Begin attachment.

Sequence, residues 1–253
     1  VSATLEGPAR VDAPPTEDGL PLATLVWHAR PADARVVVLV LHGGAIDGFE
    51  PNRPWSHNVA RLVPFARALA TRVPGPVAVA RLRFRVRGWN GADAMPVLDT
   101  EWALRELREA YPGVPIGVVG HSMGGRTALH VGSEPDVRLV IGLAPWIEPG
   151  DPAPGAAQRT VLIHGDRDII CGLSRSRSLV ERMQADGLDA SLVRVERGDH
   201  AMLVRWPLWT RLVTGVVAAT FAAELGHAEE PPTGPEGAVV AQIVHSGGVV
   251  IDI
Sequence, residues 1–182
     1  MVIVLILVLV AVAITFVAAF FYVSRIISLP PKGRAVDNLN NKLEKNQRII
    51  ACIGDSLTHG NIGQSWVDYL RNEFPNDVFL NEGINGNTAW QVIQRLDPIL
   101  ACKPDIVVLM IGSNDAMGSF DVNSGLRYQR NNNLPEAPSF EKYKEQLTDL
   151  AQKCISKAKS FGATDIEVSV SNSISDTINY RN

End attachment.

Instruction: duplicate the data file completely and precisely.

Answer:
Sequence, residues 1–253
     1  VSATLEGPAR VDAPPTEDGL PLATLVWHAR PADARVVVLV LHGGAIDGFE
    51  PNRPWSHNVA RLVPFARALA TRVPGPVAVA RLRFRVRGWN GADAMPVLDT
   101  EWALRELREA YPGVPIGVVG HSMGGRTALH VGSEPDVRLV IGLAPWIEPG
   151  DPAPGAAQRT VLIHGDRDII CGLSRSRSLV ERMQADGLDA SLVRVERGDH
   201  AMLVRWPLWT RLVTGVVAAT FAAELGHAEE PPTGPEGAVV AQIVHSGGVV
   251  IDI
Sequence, residues 1–182
     1  MVIVLILVLV AVAITFVAAF FYVSRIISLP PKGRAVDNLN NKLEKNQRII
    51  ACIGDSLTHG NIGQSWVDYL RNEFPNDVFL NEGINGNTAW QVIQRLDPIL
   101  ACKPDIVVLM IGSNDAMGSF DVNSGLRYQR NNNLPEAPSF EKYKEQLTDL
   151  AQKCISKAKS FGATDIEVSV SNSISDTINY RN